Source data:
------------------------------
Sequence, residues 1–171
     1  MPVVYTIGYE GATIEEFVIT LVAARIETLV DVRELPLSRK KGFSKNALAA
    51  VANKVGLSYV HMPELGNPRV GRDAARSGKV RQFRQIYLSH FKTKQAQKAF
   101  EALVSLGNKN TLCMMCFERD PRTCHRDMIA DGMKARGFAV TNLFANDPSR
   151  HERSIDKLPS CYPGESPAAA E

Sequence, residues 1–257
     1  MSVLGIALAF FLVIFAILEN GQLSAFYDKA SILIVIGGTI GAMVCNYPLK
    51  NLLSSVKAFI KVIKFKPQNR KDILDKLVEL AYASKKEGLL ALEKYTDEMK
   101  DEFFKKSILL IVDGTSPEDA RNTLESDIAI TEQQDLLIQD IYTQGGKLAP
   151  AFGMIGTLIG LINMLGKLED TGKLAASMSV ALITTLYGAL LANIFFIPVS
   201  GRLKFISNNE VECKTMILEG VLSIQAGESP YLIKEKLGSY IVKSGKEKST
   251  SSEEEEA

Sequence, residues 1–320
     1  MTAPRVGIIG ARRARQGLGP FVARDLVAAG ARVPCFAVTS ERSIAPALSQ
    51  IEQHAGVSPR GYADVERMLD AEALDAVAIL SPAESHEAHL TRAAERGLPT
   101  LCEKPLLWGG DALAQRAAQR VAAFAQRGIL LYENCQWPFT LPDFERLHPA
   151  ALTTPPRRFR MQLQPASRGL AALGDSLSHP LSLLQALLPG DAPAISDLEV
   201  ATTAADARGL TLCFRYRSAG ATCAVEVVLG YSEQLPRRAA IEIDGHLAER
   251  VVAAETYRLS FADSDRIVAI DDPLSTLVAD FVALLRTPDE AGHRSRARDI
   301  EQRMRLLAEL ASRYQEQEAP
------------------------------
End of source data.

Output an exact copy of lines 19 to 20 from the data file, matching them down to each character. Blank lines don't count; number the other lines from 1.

   251  VVAAETYRLS FADSDRIVAI DDPLSTLVAD FVALLRTPDE AGHRSRARDI
   301  EQRMRLLAEL ASRYQEQEAP